Hawk-Eye Offers Premier League Free Goal Line Technology
The developer of Hawk-Eye has raised the stakes in the goal line technology for football argument by offering to install the analysis and tracking graphics system at Premier League grounds in England free of charge. The offer comes the day after FIFA president Sepp Blatter backtracked from his opposition to video or sensor systems and sais they were back on the agenda.
Hawk-Eye is established in TV coverage of tennis, cricket and snooker but football remains beyond its reach, despite the English Football Association (FA) and the Premier League, among other organisations, being in favour of it and technology in general.
Hawk-Eye Innovations worked with the Premier League in 2007 and 2008 to develop a goal line system specifically for football. This was tested in a non-competitive enviroment and, according to the Premier League, the results were “positive.”
A presentation was made to the technical committee of the International Football Association Board (IFAB) in 2008 and despite promising signs the organisation stated that the Premier League could not continue development. This was put down to the IFAB not being keen on bringing technology into football.
Blatter is generally opposed to goal line systems, claiming they would undermine the authority of the referee. He has said such technology would only be introduced if it meets requirements for real-time operation, accuracy and reliability. Blatter said Hawk-Eye could not be implemented because it was not accurate, a claim refuted last September in an open letter from Paul Hawkins, the founder and managing director of Hawk-Eye Innovations.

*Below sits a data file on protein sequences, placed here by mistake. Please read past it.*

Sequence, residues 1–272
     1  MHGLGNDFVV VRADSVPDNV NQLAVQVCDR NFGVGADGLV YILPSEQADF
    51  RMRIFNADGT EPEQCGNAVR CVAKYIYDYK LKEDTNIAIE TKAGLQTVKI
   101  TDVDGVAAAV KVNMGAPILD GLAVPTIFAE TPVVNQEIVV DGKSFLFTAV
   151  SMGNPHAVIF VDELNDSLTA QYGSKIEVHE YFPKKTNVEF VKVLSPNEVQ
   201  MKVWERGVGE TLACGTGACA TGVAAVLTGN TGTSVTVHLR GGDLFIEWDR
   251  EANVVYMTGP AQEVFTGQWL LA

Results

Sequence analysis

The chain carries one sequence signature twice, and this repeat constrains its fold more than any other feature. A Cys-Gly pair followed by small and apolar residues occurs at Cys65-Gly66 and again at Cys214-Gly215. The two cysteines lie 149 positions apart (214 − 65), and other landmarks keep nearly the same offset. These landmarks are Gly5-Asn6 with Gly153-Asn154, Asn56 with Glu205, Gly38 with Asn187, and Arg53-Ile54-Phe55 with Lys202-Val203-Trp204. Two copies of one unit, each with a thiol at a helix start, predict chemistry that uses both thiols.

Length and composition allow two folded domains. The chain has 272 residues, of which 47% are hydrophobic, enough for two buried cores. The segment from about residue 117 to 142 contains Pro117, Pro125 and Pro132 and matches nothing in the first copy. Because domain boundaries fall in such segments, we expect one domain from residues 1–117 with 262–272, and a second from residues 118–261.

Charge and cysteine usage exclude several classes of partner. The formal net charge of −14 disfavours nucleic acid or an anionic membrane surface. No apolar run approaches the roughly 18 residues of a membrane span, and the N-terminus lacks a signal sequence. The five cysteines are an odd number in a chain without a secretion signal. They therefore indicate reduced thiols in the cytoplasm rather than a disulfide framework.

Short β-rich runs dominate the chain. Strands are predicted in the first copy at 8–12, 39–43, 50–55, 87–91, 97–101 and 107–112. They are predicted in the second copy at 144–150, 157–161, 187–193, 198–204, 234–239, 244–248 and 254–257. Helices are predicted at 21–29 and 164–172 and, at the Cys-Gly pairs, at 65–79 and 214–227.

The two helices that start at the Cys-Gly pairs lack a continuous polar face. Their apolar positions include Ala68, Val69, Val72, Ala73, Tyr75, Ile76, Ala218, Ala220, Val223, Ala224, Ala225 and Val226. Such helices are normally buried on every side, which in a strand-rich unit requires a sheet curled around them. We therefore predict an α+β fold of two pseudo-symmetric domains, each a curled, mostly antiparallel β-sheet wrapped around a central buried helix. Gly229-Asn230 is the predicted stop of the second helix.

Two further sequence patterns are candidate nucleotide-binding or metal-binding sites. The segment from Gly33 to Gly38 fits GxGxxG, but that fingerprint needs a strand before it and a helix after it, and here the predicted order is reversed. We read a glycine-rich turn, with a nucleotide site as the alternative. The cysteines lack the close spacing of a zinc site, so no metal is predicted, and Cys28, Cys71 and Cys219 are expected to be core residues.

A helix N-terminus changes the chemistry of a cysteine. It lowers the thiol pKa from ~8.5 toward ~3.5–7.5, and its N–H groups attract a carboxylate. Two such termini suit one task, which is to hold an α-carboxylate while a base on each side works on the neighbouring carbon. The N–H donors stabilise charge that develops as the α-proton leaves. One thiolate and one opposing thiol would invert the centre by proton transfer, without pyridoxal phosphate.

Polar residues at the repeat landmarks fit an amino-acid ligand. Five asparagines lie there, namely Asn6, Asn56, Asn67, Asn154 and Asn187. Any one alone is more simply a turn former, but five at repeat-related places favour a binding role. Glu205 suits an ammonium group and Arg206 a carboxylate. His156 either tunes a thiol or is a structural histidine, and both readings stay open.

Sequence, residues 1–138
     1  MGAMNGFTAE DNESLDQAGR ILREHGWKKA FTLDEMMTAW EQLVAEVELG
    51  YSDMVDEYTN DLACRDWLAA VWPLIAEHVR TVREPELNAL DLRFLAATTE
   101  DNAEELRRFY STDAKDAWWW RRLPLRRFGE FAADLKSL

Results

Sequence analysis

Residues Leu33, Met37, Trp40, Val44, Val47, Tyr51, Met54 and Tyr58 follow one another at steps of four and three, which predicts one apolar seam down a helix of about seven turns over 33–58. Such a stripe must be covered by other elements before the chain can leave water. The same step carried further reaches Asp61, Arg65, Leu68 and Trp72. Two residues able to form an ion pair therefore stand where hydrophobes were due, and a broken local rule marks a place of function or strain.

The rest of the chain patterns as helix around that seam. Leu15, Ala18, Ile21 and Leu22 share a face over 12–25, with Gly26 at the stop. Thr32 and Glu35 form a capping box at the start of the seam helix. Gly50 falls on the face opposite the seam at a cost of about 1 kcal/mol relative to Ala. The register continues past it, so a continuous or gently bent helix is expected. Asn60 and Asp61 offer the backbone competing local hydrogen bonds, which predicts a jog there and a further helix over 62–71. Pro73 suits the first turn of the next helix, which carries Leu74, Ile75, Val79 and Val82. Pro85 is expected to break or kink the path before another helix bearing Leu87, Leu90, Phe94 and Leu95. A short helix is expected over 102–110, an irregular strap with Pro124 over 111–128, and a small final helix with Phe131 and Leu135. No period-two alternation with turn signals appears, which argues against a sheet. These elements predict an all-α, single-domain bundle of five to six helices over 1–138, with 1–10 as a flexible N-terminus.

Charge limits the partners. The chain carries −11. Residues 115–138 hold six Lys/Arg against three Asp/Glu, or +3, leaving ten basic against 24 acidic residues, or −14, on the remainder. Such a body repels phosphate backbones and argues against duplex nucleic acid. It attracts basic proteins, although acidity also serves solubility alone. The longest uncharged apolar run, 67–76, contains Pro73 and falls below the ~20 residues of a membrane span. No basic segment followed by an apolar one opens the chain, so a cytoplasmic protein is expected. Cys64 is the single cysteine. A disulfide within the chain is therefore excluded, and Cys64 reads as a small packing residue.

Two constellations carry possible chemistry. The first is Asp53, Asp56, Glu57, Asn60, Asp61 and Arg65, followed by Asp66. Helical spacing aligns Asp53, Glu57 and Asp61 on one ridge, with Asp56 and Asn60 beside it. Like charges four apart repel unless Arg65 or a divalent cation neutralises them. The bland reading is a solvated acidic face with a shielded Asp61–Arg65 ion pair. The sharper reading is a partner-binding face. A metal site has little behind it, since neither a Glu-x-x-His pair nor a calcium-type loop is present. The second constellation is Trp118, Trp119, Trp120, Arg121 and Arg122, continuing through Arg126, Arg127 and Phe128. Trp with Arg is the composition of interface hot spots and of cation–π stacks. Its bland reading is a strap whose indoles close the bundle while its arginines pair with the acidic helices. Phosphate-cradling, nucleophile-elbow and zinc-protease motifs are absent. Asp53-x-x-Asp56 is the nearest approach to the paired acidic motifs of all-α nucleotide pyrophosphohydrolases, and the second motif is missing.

Hawkins laid out the techical perfromance of the system, including the 0.5-seconds it would take to confirm through an earpiece worn by the referee that the ball had crossed the line, not the five-seconds claimed by Blatter.
Speaking to SVG today Hawkins said that FIFA needed to focus on the scientific evidence about goal line technology. “They should understand that it needs to exist and then approve it,” he comments.
Hawkins used an interview with Press Association Sport to make his offer to install Hawk-Eye in Premier League grounds free of charge for the rights to sell sponsorship around the system. Installing the technology costs between £125,000 and £250,000 for each stadium.
As the Premier League is likely to want to keep control of sponsorship, Hawkins later said that the proposal was to make the point that “cost was not an issue” and that the technology was commercially viable. He cites the example of tennis, with the amount that Rolex pays to the All England Club being greater what than the All England Club pays Hawk-Eye Innovations.
A Premier League spokesman said that no comment was being made on either Blatter’s concession or Hawkins’ statement but he confirmed that the organisation was still in favour of introducing goal line technology.